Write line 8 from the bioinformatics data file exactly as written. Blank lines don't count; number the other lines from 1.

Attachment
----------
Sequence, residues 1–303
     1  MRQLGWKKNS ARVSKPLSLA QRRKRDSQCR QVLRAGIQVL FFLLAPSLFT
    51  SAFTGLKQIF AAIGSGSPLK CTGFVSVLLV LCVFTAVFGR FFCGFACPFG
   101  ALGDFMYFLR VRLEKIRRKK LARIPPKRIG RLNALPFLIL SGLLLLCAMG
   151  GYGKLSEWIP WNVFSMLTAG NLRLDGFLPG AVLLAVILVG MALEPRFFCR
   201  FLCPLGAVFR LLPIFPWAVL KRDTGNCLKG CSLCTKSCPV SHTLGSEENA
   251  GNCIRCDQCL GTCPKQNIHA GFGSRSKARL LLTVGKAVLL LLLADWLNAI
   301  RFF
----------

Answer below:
   301  RFF